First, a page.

Retail giant Lowe's Companies (NYSE:LOW), which specializes in home improvement products for the everyday homeowner, is setting itself up for a successful second half of the fiscal year.

Investor confidence is increasing in Lowe's following the company's positive Q2 earnings call in mid-August. After starting the calendar year with a $92.27 stock price, Lowe's is now trading 22 percentage points higher than it was at the outset of 2019, at $112.73. In slightly more than a month, growing investor confidence can be seen in the stock's dramatic increase, up more than 20% from $93.38 on August 15.

Following the earnings call, Lowe's got a vote of confidence from wealth management firm Wedbush Securities, which upgraded its rating on Lowe's from "neutral" to "outperform," and increased its price target from $115 to $135.

A Lowe's store

Image Source: Lowe's Companies

Wedbush said it expects Lowe's "CEO Marvin Ellison will be able to transform LOW into a much more productive and profitable company. LOW has reversed the long-standing comp with HD (Home Depot) for the past two quarters as its productivity-driving initiatives begin to take hold, including increasing job-lot quantities, better instocks, higher service levels and more targeted promotions."

Lowe's reported higher-than-expected second-quarter earnings

In the August earnings call, Lowe's reported it had net earnings totaling $1.7 billion and diluted earnings per share of $2.14 for its second quarter, ending August 2. Those numbers represented a 13% and 15% increase, respectively, from the same quarter last year.

In addition, sales increased in the second quarter, up 0.5% from $21 billion to $20.9 billion year over year, with comparable sales increasing 2.3%. In the U.S. home improvement industry, Lowe's comparable sales increased by 3.2%.

Ecommerce sales have traditionally been a strong point for Lowe's, which ranked No. 21 in the Internet Retailer 2018 Top 1000 list. Fourth-quarter ecommerce sales for Lowe's increased 11%, and 60% of all its online orders were picked up in a store. Home Depot, by comparison, ranked No. 7 on last year's list, and 50% of its online purchases were picked up in a store in the fourth quarter of last fiscal year.

"We capitalized on spring demand, strong holiday event execution and growth in Paint and our Pro business to deliver strong second-quarter results," said Ellison. "Despite lumber deflation and difficult weather, we are pleased that we delivered positive comparable sales in all 15 geographic regions of the U.S. This is a reflection of a solid macroeconomic backdrop and continued momentum executing our retail fundamentals framework."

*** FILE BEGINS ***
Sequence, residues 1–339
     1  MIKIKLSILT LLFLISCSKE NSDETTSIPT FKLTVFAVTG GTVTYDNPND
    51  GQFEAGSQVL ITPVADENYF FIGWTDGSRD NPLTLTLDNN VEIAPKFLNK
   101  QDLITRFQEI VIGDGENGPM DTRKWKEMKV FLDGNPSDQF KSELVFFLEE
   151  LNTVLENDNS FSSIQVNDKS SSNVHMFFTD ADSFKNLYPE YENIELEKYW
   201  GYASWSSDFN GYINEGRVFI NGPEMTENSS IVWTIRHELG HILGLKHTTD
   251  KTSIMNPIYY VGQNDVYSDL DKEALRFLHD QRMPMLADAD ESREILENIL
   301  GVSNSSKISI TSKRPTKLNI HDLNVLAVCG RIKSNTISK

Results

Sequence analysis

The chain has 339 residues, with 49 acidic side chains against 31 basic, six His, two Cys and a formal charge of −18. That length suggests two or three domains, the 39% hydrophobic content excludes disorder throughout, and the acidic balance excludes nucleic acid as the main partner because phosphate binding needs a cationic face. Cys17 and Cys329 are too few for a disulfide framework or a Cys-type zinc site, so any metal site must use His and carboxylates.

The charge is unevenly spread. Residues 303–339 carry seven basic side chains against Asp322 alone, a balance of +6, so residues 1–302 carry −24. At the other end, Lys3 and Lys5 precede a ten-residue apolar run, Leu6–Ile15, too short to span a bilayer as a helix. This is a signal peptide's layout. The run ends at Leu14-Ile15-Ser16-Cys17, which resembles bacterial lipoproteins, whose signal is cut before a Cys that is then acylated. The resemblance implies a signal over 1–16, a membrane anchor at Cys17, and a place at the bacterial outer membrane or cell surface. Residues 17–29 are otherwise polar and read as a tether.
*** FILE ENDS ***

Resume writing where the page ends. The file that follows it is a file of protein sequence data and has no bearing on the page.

The second-quarter results go to show how much can change in a short period of time. Shares of Lowe's bottomed out on May 28 at $91.87, the lowest point it hit all year -- almost a $20-per-share drop from only a week prior. That decline in investor confidence came following a poor first-quarter earnings call and the company's own downward adjustment of its year-long outlook.

Lowe's is taking Home Depot head-on for professionals

One of the main reasons for Lowe's increased earnings was a change in strategy. For years, Home Depot (NYSE:HD) has owned the professional contractor segment of the home improvement sector. Possibly in response to the Lowe's earnings call, Home Depot disclosed it had reached 1 million "pro customers" for the quarter.

Lowe's, meanwhile, has always been viewed as the smaller of the two home improvement giants, focused on providing products, services, and assistance to the homeowner rather than professional contractors. But that mindset changed this year, and the company's new focus on reeling in the pros has paid off.

In just the second quarter, Lowe's said it added 35,000 new pro customers. While the company said it wouldn't divulge the total number of pro customers it has for competitive reasons, an increase of that number shows a step in the positive direction.

Lowe's attracted pro customers by bulking up on supplies to ensure adequate inventory, providing preferred parking spaces for contractors, and offering dedicated associates and supervisors at pro desks and pro areas of its stores.

What pro customers bring to the table for Lowe's, compared to the everyday shopper, is consistency and quantity: They buy often, and they buy a lot. A growing base of consistent, repetitive customers can be the fuel needed to vault any retail company forward.

Focus on paint could help Lowe's sustain during a recession

Having more pro customers is a good sign, but what would happen if a predicted economic downturn comes to fruition? In slower economic times, people often spend less on home improvement projects, and the contracting business suffers as a result. Lowe's is a consumer discretionary stock, not a consumer staples stock, after all.

One reason Lowe's results are so promising despite this possibility is its increased sales of paint. The company shifted its marketing focus away from broad promotions of its paint to more targeted promotions around the product. This attracted more customers to the store, who then purchased other home improvement supplies while there.

If an economic downturn does happen, these customers Lowe's has attracted through paint promotions will likely turn to the store for other home improvement projects they'll complete on their own. And, at least theoretically, Lowe's would be hurt far less than rival Home Depot, since it has less of a reliance today on these pro customers.